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Showing posts from December, 2015

I Had to Survive: How a Plane Crash in the Andes Inspired My Calling to Save Lives by Roberto Canessa and Pablo Vierci

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I Had to Survive: How a Plane Crash in the Andes Inspired My Calling to Save Lives by Roberto Canessa and Pablo Vierci


                I was familiar with the story of the Uruguayan Rugby team that crashed in the Andes after watching the movie Alive years ago. I remember thinking after the movie ended how one could possibly go on living any semblance of a normal life after being in such a horrendous situation for over two months. Watching your friends die, having to eat their bodies to survive and the constant fear. It would take an unimaginable amount of strength to survive and then even more to continue to live. When I first ran across this title I was intrigued and ultimately overjoyed. Here was proof that someone could survive and not only continue living but use that strength to help others survive. I Had to Survive: How a Plane Crash in the Andes Inspired My Calling to Save Lives is well written memoir by Roberto Canessa who was 19 years old when his plane crashed in the Andes Mo…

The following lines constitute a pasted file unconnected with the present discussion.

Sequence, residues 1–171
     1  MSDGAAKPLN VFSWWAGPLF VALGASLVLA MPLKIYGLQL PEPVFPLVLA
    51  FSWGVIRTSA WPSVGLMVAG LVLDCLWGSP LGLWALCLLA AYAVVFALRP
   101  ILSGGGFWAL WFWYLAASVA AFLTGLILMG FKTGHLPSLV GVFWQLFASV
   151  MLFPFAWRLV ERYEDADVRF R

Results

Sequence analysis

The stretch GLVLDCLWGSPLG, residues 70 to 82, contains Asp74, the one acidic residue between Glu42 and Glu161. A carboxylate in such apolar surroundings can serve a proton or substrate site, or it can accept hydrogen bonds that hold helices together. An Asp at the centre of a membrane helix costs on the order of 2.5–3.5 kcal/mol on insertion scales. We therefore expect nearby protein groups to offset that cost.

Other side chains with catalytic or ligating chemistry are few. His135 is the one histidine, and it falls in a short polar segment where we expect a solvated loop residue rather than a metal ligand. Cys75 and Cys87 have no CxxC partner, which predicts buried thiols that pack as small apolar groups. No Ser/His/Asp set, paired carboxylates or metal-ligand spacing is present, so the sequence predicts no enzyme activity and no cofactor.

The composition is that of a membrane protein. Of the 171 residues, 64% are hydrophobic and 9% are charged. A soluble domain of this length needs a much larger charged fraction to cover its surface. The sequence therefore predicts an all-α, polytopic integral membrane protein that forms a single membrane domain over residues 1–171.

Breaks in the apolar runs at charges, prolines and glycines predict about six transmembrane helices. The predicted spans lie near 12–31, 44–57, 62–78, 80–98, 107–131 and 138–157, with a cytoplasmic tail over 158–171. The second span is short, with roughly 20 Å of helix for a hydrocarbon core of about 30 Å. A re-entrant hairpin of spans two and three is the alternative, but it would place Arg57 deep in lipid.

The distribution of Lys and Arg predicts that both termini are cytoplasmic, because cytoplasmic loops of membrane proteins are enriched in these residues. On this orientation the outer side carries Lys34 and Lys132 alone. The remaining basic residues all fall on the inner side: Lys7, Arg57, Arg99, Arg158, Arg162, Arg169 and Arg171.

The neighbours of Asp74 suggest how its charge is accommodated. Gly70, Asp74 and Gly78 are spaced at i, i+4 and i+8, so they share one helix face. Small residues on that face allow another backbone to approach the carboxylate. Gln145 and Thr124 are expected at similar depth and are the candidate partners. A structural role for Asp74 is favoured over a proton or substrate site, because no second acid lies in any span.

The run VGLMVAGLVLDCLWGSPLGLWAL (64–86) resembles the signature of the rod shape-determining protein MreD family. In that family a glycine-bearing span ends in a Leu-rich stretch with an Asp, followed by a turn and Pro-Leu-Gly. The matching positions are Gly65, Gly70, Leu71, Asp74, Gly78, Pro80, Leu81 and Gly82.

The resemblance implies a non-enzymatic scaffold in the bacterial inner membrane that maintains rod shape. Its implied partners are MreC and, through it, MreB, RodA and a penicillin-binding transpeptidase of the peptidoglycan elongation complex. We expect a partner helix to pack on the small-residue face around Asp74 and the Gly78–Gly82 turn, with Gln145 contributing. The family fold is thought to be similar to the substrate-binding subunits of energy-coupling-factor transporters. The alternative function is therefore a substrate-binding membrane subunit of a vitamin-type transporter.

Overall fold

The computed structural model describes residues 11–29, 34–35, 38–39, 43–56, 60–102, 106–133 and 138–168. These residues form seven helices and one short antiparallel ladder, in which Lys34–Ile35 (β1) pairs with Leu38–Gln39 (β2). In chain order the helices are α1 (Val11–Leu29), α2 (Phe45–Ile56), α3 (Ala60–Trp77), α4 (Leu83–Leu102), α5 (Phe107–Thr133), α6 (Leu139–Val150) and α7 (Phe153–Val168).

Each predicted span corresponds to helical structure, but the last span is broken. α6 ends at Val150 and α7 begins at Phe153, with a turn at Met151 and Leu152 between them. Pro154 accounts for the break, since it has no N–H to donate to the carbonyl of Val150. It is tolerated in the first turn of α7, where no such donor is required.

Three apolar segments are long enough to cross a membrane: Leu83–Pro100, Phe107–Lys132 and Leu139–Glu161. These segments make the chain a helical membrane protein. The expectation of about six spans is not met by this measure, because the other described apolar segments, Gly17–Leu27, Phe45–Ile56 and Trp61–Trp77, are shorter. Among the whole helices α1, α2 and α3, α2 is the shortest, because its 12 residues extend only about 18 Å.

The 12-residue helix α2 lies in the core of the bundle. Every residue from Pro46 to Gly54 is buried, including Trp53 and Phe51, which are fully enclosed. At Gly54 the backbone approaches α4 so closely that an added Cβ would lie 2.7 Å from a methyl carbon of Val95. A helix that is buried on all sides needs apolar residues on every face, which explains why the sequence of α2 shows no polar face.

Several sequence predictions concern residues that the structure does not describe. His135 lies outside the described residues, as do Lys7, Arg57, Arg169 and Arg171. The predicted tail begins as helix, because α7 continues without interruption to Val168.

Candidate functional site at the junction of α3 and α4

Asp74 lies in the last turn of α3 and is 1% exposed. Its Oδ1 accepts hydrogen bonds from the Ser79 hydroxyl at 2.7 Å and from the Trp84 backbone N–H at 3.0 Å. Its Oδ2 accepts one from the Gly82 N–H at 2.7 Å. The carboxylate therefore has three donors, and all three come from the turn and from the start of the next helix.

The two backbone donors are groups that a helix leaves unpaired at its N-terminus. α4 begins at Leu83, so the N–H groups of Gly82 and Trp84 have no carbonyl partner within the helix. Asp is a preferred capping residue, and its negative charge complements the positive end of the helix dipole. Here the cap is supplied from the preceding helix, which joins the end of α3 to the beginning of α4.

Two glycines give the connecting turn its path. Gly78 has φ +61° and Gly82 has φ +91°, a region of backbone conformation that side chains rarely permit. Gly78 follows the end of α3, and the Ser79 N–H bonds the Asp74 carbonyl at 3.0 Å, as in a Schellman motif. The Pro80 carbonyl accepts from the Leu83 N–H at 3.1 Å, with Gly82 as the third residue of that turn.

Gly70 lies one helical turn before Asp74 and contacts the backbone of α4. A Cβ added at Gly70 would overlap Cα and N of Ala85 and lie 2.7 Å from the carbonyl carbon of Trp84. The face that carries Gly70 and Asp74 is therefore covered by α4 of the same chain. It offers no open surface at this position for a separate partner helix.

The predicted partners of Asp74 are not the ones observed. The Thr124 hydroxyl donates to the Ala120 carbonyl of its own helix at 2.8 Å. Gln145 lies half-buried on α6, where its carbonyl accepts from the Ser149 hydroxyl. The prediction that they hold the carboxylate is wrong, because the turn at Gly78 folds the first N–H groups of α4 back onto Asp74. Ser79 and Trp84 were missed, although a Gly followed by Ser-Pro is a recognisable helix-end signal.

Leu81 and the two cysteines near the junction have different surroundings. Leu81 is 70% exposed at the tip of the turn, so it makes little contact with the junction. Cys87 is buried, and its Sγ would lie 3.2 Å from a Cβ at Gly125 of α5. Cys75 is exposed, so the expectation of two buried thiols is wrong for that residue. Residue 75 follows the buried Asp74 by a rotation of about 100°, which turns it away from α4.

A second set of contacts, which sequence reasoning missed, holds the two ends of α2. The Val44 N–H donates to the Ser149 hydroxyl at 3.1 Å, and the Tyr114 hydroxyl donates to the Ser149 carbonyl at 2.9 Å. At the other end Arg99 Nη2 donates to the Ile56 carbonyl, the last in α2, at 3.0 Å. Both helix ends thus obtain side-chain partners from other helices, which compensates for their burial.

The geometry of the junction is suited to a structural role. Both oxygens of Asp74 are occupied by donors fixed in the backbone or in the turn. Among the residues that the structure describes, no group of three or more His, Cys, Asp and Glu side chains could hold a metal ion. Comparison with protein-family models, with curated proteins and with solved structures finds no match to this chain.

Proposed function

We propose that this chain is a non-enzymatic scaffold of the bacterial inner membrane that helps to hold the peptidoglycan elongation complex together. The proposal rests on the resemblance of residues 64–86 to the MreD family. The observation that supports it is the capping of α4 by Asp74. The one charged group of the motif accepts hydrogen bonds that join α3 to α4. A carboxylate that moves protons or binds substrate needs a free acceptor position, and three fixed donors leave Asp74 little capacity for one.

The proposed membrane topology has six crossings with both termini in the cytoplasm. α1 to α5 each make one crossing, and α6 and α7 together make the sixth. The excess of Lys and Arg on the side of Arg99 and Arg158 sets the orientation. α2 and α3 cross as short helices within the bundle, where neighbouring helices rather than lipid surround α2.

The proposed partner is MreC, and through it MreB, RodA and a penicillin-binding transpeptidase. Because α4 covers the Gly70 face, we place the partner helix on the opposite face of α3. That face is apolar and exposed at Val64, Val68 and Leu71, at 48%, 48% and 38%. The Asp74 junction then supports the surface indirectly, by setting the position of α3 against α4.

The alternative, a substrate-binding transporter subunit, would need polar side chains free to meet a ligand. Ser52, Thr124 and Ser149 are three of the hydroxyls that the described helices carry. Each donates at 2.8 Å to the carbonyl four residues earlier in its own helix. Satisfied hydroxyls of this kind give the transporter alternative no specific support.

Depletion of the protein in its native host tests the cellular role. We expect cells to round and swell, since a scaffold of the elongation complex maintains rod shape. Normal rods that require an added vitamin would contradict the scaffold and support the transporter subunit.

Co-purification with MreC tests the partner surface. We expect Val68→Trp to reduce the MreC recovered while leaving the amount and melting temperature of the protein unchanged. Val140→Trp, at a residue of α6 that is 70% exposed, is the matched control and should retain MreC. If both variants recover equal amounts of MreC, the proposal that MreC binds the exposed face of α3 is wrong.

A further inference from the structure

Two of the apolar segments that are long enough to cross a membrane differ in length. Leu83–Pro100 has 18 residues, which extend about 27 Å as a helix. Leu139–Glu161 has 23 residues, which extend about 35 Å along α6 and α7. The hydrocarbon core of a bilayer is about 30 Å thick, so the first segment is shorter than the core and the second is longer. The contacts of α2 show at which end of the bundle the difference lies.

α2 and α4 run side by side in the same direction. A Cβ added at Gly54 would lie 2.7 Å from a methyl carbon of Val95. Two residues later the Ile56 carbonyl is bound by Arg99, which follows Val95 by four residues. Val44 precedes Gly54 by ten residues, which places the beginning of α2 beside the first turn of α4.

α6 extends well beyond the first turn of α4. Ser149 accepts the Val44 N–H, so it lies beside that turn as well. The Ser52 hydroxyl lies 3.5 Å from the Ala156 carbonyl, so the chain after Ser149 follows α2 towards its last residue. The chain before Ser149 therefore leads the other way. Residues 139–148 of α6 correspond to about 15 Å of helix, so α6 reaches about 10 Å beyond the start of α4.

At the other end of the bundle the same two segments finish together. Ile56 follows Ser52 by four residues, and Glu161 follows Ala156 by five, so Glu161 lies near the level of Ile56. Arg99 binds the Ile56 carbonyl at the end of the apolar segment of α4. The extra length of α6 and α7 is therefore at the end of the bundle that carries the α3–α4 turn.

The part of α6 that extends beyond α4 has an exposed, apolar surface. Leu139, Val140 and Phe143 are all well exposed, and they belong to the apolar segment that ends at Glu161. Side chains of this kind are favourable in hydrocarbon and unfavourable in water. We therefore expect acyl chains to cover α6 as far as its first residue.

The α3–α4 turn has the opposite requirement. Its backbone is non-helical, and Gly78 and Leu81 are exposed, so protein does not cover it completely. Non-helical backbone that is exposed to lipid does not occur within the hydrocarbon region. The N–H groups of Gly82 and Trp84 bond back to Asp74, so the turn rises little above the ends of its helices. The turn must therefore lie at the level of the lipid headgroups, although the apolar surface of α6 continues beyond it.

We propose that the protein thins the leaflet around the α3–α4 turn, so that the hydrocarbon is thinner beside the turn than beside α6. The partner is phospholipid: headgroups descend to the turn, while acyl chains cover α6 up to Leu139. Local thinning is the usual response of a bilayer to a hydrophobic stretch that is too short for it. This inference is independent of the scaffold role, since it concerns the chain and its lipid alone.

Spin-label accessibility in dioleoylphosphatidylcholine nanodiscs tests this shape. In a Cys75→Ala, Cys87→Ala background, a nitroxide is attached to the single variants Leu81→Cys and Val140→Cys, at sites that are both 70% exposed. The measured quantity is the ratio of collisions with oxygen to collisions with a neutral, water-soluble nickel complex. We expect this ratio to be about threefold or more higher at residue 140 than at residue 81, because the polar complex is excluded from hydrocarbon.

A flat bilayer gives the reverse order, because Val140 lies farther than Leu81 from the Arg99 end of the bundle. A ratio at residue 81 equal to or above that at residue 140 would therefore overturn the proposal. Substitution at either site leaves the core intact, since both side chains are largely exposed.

Florynce “Flo” Kennedy: The Life of a Feminist Black Radical by Sherie M. Randolph

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Florynce “Flo” Kennedy: The Life of a Feminist Black Radical by Sherie M. Randolph

                I love reading a biography that does more than just educate, instead it enlightens, broadens perspectives and changes the way certain segments of history are viewed. This biography of Florynce Kennedy is a great example of this type of biography. It is well written, narrated and honest about the life of a black feminist radical. Her story takes readers through many different pivotal moments throughout history and readers are exposed to the many injustices imposed on women, the Black community and both fights for equality.                 A simple narrative worked beautifully for this biography because Florynce Kennedy lived such a long and complex life. Her grandparents on both sides had been enslaved and at a young age, Kennedy saw her own parents threatened by members of the white community around her and they didn’t back down. Watching her parents stand tall in the face of discriminati…

In The Garden of Beasts: Love, Terror, and an American Family in Hitler's Berlin by Erik Larson

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In The Garden of Beasts: Love, Terror, and an American Family in Hitler's Berlin by Erik Larson